Tag Archives: stepper motor

Driving the Adafruit mshield v1.0 from Bitlash

Bitlash is a brilliant and powerful sketch for Arduino to do your ad hoc interactive bit banging on attached hardware. Once loaded on an Arduino, you can simply connect to it with a serial terminal emulator and start typing commands.

So yesterday I decided to find out exactly how powerful Bitlash is by bit banging an Adafruit motorshield (v1.0) for a single bipolar stepper motor. The power is in the fact that Bitlash allows you to define functions that are subsequently stored in EEPROM and so you can figure out bit by bit how to control the shield. Now I’m not going through the whole step by step procedure of reverse engineering out how the shield is wired, as the resulting Bitlash code turned out pretty straightforward and there are circuit diagrams for that.

First various Arduino output pins are to be initialized as output:

function initstepper {pinmode(3,1);pinmode(4,1);pinmode(7,1);pinmode(8,1);pinmode(11,1);pinmode(12,1);d3=1;d7=0;d11=1};

  • pin 3 → enable M2
  • pin 4 → serial clock (rising edge)
  • pin 7 → shift register not(Output Enable)
  • pin 8 → serial data
  • pin 11 → enable M1
  • pin 12 → shift register latch

To save digital pins, the motor pins are attached through a shift register. This implies that motor outputs can only be changed by shifting bits into the register and latching it to its outputs. The following functions are called under water:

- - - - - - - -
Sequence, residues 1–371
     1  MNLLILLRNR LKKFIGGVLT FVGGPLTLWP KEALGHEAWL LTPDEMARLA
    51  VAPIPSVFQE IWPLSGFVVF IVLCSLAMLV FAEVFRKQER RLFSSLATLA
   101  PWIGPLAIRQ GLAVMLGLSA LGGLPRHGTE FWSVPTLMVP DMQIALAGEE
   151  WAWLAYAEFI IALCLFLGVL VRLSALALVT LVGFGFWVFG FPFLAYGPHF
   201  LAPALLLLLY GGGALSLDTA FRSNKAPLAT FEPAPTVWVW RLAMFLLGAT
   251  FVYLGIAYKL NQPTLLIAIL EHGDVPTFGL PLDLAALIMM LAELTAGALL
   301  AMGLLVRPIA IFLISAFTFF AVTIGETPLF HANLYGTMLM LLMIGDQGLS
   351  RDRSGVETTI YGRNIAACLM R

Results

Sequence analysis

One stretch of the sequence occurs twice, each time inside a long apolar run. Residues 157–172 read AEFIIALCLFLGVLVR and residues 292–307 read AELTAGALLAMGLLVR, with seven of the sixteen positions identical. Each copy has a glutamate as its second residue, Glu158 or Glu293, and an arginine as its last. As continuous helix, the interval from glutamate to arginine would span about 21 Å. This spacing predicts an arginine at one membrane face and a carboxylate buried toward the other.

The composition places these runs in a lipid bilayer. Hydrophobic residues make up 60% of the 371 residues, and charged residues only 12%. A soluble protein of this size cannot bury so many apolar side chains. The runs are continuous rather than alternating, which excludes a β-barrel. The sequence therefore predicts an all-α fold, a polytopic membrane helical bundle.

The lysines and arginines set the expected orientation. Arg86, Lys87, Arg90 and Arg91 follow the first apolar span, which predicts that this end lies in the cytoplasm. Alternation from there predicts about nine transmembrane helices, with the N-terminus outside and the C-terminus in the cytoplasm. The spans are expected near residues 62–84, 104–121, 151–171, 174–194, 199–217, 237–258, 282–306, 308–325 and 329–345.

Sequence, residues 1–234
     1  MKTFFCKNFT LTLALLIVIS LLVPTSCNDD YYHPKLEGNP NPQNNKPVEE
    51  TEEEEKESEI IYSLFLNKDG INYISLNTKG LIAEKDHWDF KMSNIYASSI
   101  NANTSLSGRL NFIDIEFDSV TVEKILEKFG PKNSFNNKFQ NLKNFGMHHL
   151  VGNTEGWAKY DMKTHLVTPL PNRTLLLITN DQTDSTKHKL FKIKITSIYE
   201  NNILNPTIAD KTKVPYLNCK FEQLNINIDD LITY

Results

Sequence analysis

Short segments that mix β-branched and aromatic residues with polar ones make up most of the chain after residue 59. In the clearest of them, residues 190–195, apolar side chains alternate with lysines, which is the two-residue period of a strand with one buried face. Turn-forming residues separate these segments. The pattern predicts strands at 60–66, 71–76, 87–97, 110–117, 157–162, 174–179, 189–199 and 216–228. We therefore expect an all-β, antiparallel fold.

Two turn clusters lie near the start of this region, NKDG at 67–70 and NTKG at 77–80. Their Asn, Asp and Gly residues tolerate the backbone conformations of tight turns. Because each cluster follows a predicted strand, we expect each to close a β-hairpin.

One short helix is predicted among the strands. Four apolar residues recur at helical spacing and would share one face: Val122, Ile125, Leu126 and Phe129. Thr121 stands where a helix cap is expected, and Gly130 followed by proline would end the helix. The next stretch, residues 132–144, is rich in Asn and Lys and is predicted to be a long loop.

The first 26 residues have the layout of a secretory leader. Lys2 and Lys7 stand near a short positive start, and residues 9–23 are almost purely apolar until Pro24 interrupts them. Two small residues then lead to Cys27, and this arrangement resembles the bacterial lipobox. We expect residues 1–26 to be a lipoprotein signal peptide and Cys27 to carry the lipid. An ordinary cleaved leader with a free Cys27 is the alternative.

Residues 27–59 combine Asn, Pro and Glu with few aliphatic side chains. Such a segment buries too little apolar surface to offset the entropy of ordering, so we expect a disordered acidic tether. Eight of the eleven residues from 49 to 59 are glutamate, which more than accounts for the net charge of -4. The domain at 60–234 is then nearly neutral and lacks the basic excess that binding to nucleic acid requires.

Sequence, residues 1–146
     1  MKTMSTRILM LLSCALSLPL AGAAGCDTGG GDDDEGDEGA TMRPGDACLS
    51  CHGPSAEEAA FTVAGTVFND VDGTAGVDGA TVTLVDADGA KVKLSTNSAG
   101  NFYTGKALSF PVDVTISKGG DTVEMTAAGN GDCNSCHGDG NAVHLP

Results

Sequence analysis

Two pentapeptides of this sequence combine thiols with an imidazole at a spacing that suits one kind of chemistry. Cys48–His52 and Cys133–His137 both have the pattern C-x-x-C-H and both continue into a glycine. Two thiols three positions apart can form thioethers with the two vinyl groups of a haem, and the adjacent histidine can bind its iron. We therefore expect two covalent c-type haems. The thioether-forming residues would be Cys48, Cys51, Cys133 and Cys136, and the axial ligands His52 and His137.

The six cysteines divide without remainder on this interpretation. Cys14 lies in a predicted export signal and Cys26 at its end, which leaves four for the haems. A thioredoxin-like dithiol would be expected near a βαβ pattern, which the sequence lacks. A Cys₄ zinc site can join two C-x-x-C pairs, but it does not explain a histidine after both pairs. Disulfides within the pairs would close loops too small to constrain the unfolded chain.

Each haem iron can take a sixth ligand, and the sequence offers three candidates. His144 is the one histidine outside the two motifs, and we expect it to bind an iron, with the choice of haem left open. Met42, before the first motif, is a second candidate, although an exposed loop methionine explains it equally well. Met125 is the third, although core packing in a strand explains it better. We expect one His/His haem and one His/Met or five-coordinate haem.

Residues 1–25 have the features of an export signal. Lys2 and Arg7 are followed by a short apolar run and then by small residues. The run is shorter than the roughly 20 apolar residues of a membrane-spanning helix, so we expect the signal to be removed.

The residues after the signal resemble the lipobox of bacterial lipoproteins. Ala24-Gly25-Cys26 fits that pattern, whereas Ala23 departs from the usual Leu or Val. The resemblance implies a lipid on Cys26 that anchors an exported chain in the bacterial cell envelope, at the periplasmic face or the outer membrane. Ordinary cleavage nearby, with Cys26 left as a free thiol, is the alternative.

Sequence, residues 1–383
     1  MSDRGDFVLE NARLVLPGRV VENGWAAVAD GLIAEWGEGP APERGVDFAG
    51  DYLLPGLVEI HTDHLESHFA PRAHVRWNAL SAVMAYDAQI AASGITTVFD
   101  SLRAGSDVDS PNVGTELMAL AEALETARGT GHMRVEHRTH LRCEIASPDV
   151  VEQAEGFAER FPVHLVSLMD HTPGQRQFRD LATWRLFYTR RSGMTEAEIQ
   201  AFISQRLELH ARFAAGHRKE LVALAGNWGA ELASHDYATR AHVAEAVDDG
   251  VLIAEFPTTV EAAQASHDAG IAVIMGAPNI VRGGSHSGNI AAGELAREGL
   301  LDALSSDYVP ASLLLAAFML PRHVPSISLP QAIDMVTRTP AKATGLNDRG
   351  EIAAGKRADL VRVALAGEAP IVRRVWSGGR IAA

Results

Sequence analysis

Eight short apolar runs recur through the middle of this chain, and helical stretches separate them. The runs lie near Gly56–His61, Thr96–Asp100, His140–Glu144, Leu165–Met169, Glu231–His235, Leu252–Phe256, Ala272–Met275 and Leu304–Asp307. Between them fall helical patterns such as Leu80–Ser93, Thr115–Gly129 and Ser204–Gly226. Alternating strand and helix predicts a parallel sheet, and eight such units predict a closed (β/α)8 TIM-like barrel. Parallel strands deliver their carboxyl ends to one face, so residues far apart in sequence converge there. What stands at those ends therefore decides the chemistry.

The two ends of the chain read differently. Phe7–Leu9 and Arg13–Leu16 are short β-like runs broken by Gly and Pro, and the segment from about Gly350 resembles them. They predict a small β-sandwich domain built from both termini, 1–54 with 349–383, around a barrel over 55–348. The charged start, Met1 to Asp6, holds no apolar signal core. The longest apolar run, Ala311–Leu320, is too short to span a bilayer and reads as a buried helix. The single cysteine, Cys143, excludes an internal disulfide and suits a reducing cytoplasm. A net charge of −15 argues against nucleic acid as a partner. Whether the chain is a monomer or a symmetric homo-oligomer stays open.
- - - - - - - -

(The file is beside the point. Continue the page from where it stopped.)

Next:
function bo {d4=0;d8=arg(1);d4=1;};
function latch {d12=0;d12=1;};
function dataout {bo(arg(1));bo(arg(2));bo(arg(3));bo(arg(4));bo(arg(5));bo(arg(6));bo(arg(7));bo(arg(8));latch};

  • bo → shift a single bit into the shift register
  • latch → copy the shift register contents to its output register
  • dataout → shift 8 bits data into the shift register, then latch it to its outputs

Now the tricky bit is how the bits in the data are related to the motor pins. Here is a table:

M1 x x
M2 x x
bit 0 1 2 3 4 5 6 7
M3 x x
M4 x x

The last step is to define the separate steps for the stepper motor. For a full step, eight substeps can be identified:

b5 b4 b3 b6
M1 M2 M1a M1b M2a M2b
s1 + 0 1 1 1
s2 + + 0 1 0 1
s3 + 0 0 0 1
s4 - + 1 0 0 1
s5 - 1 0 0 0
s6 - - 1 0 1 0
s7 - 1 1 1 0
s8 + - 0 1 1 0

And code that into Bitlash functions:

function s1 {dataout(0,0,0,1,1,0,1,0);};
function s2 {dataout(0,0,0,0,1,0,1,0);};
function s3 {dataout(0,0,0,0,0,0,1,0);};
function s4 {dataout(0,0,0,0,0,1,1,0);};
function s5 {dataout(0,0,0,0,0,1,0,0);};
function s6 {dataout(0,0,0,1,0,1,0,0);};
function s7 {dataout(0,0,0,1,1,1,0,0);};
function s8 {dataout(0,0,0,1,1,0,0,0);};

To run the stepper motor:

function runstepper {while (1) { s1;s2;s3;s4;s5;s6;s7;s8};};

initstepper
runstepper

As a bonus it is pretty simple to change the stepper´s torque. The easiest way is to PWM the shift register’s output. The function below takes a single argument (0-255).

function torque {a7=255-arg(1);};

This will however affect all four half bridges on the shield. A prettier, though lightly more complex method is to PWM the enable M1 and M2 pins (resp. 11 and 3). This allows for microstepping, but the Bitlash method is really too slow for that.